Trinity cancer research discovery leads to clinical trial in childhood cancer
Posted on: 28 September 2020
A vital discovery by researchers at the Trinity St James’s Cancer Institute (TSJCI) in a form of cancer common in children, has led to the announcement that the Boston-based biopharmaceutical company C4 Therapeutics plan to begin clinical trials in 2021.
The original discovery in synovial sarcoma; a form of soft tissue cancer that is common in children, was made in 2018, and the recent clinical trials announcement is being made by Trinity researchers to mark Childhood Cancer Awareness Month (September) and the start of Cancer Week Ireland (September 28th to October 2nd 2020).
The research, led by Dr Gerard Brien discovered an ‘Achilles heel’ in synovial tumours, which provided an opportunity to develop new treatment approaches. Better treatments for these tumours are essential since around 60% of patients diagnosed with synovial sarcoma die from their disease. A figure that hasn’t improved for years.
Dr Brien’s research team focuses on difficult to treat childhood cancers, like synovial sarcoma. Many childhood cancers have been under studied compared to more common adult diseases, such as prostate or breast cancer. This means that our ability to treat many childhood diseases has not improved at the same rate seen in common adult cancers. As a result, patient survival rates in many of these cancers have not seen significant improvements for years and even decades.
Dr Brien, who trained in childhood cancer research at the Memorial Sloan Kettering Cancer Center in New York and Harvard Medical School in Boston, explains that recent technological advances are transforming our ability to understand cancer. His lab uses cutting edge genomics technologies to study cancer cells. Dr Brien and his team are making important new discoveries about cancer biology allowing them to understand the ‘nuts and bolts’ of a cancer cell. In turn his team are using these insights to figure out ways to disrupt cancer biology In other words; develop new treatment approaches to tackle these cancers.
The team discovered that the BRD9 gene is essential for synovial sarcoma tumour growth. Having found this, his team wanted to develop new drugs to target BRD9 – a gene that we know very little about other than it is essential for the growth of synovial sarcoma tumours. The team was successful in these efforts, developing drugs that tricked cancer cells into shutting off BRD9 and blocking the growth of synovial sarcoma tumours in pre-clinical testing.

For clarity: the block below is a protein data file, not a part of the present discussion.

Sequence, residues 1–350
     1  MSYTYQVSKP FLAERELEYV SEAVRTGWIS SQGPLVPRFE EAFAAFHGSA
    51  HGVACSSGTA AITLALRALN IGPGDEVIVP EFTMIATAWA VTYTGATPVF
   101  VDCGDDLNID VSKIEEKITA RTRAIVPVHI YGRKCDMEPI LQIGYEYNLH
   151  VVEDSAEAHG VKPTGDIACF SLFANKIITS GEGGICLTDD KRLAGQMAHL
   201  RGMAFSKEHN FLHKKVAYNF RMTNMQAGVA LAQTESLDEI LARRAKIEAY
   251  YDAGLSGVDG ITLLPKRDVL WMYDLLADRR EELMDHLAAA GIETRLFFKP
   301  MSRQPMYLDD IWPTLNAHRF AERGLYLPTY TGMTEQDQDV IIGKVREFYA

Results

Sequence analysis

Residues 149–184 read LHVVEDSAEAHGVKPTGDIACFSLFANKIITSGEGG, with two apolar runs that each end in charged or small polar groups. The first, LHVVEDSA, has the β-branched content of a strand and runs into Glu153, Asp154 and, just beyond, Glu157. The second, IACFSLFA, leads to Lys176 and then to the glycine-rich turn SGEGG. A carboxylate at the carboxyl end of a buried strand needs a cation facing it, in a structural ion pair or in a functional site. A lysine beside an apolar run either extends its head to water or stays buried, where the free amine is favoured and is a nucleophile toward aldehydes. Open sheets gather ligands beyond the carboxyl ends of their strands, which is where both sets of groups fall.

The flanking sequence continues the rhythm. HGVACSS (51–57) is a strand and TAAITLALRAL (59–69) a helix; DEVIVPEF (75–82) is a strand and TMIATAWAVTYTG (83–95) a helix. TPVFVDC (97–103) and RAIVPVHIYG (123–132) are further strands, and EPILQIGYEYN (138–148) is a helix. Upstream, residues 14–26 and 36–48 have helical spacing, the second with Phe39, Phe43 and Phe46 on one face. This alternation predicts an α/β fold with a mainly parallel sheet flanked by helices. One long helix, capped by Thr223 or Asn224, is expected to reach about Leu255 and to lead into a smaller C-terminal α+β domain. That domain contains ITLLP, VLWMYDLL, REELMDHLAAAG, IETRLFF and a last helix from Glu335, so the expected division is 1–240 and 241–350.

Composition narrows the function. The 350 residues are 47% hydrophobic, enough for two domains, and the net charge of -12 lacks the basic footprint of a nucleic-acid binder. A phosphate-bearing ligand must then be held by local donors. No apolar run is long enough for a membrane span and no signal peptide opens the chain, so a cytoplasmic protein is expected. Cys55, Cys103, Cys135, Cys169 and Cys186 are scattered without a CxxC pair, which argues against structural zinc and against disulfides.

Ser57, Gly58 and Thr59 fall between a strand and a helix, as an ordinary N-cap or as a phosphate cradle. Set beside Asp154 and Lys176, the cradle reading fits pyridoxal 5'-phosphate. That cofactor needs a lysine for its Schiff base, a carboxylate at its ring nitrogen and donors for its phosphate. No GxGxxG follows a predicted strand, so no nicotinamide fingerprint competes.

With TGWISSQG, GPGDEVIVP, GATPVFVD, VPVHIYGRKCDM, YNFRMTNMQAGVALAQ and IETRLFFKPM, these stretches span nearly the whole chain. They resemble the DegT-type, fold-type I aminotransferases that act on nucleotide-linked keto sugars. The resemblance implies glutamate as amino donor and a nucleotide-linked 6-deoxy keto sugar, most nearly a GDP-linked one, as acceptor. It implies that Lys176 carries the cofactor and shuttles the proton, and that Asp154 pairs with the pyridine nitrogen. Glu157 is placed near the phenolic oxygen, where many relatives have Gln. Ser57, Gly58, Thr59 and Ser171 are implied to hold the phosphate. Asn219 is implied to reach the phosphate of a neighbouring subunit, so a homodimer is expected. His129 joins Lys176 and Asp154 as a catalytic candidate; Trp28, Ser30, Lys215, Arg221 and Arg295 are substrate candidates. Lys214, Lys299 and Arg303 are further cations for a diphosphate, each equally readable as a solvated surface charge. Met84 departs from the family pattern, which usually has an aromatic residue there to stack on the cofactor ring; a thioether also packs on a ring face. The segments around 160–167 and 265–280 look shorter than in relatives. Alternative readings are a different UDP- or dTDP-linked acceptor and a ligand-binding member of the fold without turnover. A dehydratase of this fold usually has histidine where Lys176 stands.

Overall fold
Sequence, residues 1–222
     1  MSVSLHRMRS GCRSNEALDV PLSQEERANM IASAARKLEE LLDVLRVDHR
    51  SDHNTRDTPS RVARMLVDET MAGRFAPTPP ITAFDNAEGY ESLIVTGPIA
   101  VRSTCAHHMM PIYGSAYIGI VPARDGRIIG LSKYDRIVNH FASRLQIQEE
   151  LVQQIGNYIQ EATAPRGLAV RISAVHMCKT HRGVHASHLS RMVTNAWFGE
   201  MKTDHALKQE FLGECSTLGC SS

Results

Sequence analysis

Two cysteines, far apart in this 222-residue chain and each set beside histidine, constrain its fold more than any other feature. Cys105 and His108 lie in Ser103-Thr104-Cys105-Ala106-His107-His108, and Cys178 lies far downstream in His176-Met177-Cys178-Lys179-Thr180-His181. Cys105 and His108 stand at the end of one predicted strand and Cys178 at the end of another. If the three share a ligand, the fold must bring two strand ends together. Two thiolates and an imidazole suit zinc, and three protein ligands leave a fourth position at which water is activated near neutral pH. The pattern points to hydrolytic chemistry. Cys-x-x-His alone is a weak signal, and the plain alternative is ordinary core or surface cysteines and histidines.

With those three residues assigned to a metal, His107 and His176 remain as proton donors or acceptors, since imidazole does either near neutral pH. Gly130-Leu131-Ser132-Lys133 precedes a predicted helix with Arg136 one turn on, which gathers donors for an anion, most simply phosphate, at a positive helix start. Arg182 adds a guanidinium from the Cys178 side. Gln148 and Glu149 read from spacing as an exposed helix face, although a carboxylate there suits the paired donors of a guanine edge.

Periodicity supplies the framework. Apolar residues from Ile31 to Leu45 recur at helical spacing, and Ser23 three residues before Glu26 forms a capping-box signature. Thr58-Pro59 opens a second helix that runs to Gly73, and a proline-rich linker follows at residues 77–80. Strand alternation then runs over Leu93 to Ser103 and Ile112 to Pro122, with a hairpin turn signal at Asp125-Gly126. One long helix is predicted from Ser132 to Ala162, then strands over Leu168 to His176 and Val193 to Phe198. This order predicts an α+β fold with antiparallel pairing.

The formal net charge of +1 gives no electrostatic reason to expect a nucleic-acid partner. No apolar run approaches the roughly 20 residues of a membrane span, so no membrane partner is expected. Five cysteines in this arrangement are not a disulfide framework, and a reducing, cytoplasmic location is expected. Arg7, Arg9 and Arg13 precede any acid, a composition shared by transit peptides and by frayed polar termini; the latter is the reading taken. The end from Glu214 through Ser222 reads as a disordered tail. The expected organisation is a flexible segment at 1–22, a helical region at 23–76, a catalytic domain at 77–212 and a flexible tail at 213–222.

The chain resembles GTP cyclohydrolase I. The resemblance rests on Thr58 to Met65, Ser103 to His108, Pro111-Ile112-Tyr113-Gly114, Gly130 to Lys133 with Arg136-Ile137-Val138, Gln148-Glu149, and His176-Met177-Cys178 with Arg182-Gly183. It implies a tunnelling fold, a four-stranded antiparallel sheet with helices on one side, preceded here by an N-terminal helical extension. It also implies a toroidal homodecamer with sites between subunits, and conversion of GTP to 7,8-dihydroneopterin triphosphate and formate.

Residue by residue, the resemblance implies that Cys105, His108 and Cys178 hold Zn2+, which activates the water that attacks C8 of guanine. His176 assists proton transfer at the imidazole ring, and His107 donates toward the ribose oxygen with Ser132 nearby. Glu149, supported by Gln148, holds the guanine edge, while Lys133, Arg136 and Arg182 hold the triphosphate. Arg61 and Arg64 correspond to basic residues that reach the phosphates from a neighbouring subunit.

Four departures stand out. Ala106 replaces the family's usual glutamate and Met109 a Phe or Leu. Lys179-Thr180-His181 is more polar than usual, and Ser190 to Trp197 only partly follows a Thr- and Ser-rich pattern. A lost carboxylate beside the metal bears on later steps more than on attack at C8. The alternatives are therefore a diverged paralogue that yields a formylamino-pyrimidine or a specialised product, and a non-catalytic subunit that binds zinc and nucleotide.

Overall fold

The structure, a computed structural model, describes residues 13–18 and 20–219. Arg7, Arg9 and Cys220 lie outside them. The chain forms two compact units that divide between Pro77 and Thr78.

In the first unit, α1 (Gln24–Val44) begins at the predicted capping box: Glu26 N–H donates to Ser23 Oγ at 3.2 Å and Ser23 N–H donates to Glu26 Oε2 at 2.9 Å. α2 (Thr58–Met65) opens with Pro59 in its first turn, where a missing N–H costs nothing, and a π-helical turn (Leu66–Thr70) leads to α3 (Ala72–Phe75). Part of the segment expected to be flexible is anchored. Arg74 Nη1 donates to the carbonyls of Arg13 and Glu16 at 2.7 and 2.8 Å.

Motivated by these discoveries a Boston based biopharmaceutical company C4 Therapeutics has pursued BRD9 targeting in synovial sarcoma and recently announced plans to start a clinical trial in 2021.
Dr. Gerard Brien, Senior Research Fellow, Department of Genetics, Trinity College said:
It is incredibly motivating to see our work reaching patients so quickly as it often takes many years for laboratory-based research findings to have any tangible impact on patients. This is a super exciting time and we’re all crossing our fingers these trials are successful.
Dr Brien is continuing to discover new ways to tackle difficult to treat childhood cancers. In research supported by Science Foundation Ireland and the Irish Cancer Society he has found several new drug targets and is testing new approaches to treat several different childhood cancers.
We’re pretty excited by what we’ve found so far. We’ve made some important discoveries and have several new approaches in testing. The new Trinity St. James Cancer Institute (TSJCI) is essential to integrate the laboratory and clinical sides of cancer research in Ireland. I certainly hope that building collaborative relationships within TSJCI will provide a basis for establishing future clinical trials here in Ireland.
Trinity St James’s Cancer Institute (TSJCI)
The mission of Trinity St James’s Cancer Institute is to integrate innovative and ground-breaking cancer science with compassionate, multi-disciplinary , patient-focussed care through translation of key research findings into incremental advances in the prevention, diagnosis and treatment of cancer.